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  8. Mathias Kifmann (forthcoming). Comment on 'Paying People to Act in Their Own Interests: Incentives Versus Rationalisation in Public Health' by Jonathan Wolff. Public Health Ethics:phu038.
    This article comments on Jonathan Wolff’s contribution ‘Paying People to Act in Their Own Interests: Incentives versus Rationalisation in Public Health’ from an economics perspective. The role of incentives in public health is discussed from both a neoclassical and behavioural economics viewpoint. Jonathan Wolff contributes to this discussion by outlining a new mechanism. He demonstrates that incentives may matter in a different way than has been considered so far. In particular, Wolff shows that we should not view individuals in isolation (...)
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  9. Catherine L. Mah & Carol Timmings (forthcoming). Equity in Public Health Ethics: The Case of Menu Labelling Policy at the Local Level. Public Health Ethics:phu011.
    Menu labelling is a public health policy intervention that applies principles of nutrition labelling to the eating out environment. While menu labelling has received a good deal of attention with regard to its effectiveness in shaping food choices for obesity prevention, its premises have not yet been fully explored in terms of its broader applications to social equity and population health. In the following case, we focus on the example of menu labelling within the context of food policy at the (...)
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  10. John McMillan (forthcoming). Public Health Research Ethics. Public Health Ethics.
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  11. Anders Nordgren (forthcoming). Crisis Management and Public Health: Ethical Principles for Priority Setting at a Regional Level in Sweden. Public Health Ethics:phu028.
    In this article I analyse and discuss guidelines for priority setting in crisis management at a regional level in Sweden. The guidelines concern three types of crises: pandemics, large losses of electric power and interruptions in water supply. Pandemics are typical public health issues. Large losses of electric power and interruptions in water supply are in themselves not, but may have serious public health consequences. These guidelines are compared with guidelines for priority setting in health care. This is done because (...)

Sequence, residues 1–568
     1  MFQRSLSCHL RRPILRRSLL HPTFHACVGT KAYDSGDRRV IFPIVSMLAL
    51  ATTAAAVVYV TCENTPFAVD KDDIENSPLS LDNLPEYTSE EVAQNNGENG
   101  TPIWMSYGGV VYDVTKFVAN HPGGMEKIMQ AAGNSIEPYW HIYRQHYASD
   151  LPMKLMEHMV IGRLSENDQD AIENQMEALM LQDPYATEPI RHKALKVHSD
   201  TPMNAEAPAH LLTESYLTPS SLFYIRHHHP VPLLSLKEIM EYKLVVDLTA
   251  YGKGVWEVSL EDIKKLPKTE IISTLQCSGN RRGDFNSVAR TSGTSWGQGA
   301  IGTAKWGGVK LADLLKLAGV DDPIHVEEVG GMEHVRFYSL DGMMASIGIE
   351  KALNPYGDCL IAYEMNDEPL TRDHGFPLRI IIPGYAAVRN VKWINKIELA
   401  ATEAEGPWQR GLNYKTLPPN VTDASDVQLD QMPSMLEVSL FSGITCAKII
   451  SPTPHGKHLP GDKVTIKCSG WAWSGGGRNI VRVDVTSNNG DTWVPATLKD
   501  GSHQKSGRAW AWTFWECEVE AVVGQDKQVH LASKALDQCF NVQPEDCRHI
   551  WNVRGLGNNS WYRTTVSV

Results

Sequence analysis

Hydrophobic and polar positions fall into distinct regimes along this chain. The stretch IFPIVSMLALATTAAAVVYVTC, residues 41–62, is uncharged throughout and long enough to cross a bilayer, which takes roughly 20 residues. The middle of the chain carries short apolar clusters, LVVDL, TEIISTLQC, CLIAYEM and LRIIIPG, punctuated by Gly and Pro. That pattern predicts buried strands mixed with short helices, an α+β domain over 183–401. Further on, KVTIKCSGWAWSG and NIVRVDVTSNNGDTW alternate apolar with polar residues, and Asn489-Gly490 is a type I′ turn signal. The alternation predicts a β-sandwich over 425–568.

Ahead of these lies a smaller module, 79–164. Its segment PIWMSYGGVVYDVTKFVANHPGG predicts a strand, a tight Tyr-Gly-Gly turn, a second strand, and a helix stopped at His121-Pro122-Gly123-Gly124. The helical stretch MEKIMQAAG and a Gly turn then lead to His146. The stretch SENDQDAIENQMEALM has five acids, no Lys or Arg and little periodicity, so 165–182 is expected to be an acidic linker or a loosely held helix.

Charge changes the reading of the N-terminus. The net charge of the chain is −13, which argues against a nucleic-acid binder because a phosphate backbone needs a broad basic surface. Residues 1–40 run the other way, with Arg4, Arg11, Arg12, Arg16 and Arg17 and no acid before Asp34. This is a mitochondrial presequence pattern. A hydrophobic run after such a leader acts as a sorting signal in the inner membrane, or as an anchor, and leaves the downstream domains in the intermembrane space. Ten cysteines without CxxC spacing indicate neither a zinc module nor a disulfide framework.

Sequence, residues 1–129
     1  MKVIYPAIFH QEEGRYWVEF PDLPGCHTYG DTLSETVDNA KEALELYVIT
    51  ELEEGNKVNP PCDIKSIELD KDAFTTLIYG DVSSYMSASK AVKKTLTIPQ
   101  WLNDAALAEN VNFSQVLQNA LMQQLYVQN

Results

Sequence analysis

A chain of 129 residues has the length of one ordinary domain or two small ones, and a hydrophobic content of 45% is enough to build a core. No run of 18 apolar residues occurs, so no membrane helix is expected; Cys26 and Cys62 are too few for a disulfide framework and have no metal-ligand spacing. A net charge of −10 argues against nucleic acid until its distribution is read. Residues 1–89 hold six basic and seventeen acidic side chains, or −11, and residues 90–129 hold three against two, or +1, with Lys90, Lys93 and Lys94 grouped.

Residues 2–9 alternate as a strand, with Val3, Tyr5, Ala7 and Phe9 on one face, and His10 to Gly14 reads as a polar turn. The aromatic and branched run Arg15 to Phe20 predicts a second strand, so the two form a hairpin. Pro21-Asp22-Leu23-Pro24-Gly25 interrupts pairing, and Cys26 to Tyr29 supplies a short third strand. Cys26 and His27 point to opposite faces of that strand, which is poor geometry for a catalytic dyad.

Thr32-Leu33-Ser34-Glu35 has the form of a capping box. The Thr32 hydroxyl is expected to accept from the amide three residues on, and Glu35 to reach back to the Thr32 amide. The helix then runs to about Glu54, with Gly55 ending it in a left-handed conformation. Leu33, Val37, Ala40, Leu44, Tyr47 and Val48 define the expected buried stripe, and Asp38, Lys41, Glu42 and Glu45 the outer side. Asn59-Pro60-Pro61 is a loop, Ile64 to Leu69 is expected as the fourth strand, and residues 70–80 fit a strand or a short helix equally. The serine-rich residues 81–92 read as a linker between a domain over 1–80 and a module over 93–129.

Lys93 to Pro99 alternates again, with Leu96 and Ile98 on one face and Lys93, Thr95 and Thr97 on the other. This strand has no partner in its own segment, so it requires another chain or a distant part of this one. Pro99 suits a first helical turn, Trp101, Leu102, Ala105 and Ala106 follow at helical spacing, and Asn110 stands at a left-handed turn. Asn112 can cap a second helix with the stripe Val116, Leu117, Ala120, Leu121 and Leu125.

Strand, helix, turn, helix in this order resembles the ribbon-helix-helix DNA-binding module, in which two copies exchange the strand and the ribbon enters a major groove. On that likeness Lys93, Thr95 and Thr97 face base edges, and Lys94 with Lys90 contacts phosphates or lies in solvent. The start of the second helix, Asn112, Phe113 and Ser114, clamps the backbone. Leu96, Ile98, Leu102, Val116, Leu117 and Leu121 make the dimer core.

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  12. Marcel Verweij & A. Dawson (forthcoming). Infectious Disease Control. Public Health Ethics.
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  13. Stephen Wilkinson (forthcoming). Selective Reproduction, Eugenics, and Public Health. Public Health Ethics.
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  14. Jonathan Wolff (forthcoming). Paying People to Act in Their Own Interests: Incentives Versus Rationalization in Public Health. Public Health Ethics:phu035.
    A number of schemes have been attempted, both in public health and more generally within social programmes, to pay individuals to behave in ways that are presumed to be good for them or to have other beneficial effects. Such schemes are normally regarded as providing a financial incentive for individuals in order to outweigh contrary motivation. Such schemes have been attacked on the basis that they can ‘crowd out’ intrinsic motivation, as well as on the grounds that they are in (...)